Compared to their male counterparts, women are disproportionately accused of practising witchcraft more. But why? EPHRAIM NYONDO continues the witchcraft series.
There is an adage among the Tonga people, mostly in Nkhata Bay, that: ‘Fwiti inthikazi njiheni ukongwa’—meaning a female witch is the most wicked.
And Group Village Head (GVH) Kathumba from the district understands the adage well.
“Often, if not most of the times, women are the ones who practice witchcrafts.
“If a female witch wants to kill somebody, she does not relent. It is forward ever, backward never. She is a very dangerous witch,” he says.
GVH Kathumba said this in an interview with The Nation in 2013, the year government freed all people who had been imprisoned on suspicion of practicing witchcraft. Interestingly, most of those freed were the elderly; and the majority of them women.
Likewise, when one looks at the recent Neno incident, where four elderly people were killed on suspicion of witchcraft, it is the same story—one man and three women.
A 2011 study by Charles Chilimampunga and George Thindwa titled The Extent and Nature of Witchcraft-based Violence against Children, Women and the Elderly in Malawi, found that woman are generally perceived to be witches more than men.
The study, whose participants included 1 193 household heads, 94 key informants and 310 Focus Group Discussions (FGD) participants, found that 55 percent of both sampled household heads and FGD participants, found that elderly women are perceived to practice witchcraft more than men.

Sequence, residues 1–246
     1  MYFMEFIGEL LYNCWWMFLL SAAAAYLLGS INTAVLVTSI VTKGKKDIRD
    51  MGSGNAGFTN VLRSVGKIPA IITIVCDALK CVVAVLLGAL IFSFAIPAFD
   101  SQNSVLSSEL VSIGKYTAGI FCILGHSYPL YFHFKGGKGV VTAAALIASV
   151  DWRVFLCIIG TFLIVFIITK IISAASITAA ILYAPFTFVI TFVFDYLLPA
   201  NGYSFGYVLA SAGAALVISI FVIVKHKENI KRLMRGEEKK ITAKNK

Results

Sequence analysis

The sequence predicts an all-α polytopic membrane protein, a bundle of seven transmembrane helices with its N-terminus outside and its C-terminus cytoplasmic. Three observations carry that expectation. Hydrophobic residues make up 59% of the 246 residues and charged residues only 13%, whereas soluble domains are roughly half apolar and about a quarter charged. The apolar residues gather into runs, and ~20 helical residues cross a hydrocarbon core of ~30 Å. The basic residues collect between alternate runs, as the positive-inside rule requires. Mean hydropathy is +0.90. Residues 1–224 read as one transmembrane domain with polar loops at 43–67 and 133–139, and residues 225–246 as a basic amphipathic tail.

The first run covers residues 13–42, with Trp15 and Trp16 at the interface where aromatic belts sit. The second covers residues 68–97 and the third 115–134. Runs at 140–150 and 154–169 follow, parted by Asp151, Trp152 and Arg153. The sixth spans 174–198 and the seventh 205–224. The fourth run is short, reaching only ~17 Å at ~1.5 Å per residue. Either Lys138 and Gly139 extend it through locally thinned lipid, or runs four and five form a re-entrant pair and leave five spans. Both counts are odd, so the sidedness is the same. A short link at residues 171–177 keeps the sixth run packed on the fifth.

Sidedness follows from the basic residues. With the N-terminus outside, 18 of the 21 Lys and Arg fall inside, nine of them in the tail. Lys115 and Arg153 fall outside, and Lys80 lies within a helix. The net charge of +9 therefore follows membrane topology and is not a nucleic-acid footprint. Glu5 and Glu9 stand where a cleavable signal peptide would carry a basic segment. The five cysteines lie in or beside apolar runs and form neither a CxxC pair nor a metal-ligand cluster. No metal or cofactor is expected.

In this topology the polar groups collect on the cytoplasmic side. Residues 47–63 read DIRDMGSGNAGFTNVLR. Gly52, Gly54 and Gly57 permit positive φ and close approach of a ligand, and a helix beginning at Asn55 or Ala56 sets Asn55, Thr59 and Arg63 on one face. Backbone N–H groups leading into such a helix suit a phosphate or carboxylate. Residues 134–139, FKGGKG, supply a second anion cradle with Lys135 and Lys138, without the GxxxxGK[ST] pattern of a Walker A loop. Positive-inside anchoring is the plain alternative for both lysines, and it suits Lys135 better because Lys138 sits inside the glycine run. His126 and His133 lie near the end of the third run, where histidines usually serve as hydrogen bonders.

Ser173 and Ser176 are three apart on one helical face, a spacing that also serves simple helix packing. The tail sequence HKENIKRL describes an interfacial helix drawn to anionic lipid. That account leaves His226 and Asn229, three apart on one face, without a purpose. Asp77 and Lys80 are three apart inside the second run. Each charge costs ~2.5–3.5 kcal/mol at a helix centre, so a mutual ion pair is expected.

In 2010, the Walter Leitner International Human Rights Clinic (Leitner) at Fordham Law School in the UK partnered with the Centre for Human Rights Education Advice and Assistance (Chreaa), on a witchcraft-related project where they ran an experimental one-week mobile legal-aid clinic focusing on witchcraft cases in two rural communities in the country.
Of the 45 witchcraft cases they held in their mobile clinic, only four involved accusations of witchcraft against an elderly male.
The situation is not different beyond Malawi.
In an article titled Witchcraft Accusations and Human Rights: Case Studies from Malawi, researchers Chi Adanna Mgbako and Katherine Glenn found that in South Africa, although both men and women practice witchcraft, women are twice as likely to be accused. They add that in Tanzania, between 1998 and 2001, 17 220 women were reportedly the victims of abuse for allegedly practicing witchcraft—with 10 percent killed.
The question, then, is: Why are women, mostly the elderly, often accused of practicing witchcraft?
LivinessElifala from Lodzanyama Village, Traditional Authority Ntema in Lilongwe is one of the elderly women accused of practising witchcraft, who were freed from prison in 2013.
Asked why elderly women like her are always the target of accusation, she said: “I don’t know why. May be it is because most of my children died and they are wondering why I am still alive. I was forced to admit practising witchcraft because I feared for my life.”
Psychologist Chiwoza Bandawe told Weekend Nation that Malawi, generally, is a superstitious society where there is high belief in supernatural powers, including witchcraft.
Bandawe further argued that witchcraft “must be a sign of frustration by people because of some socio-economic challenges”.
He added that normally, people find an easy target to vent their frustrations on such groups as the elderly.
The Leitner/Chreea mobile clinic also observed that it was often relatives who accused older female victims of witchcraft.
But is the law enough to protect these vulnerable groups?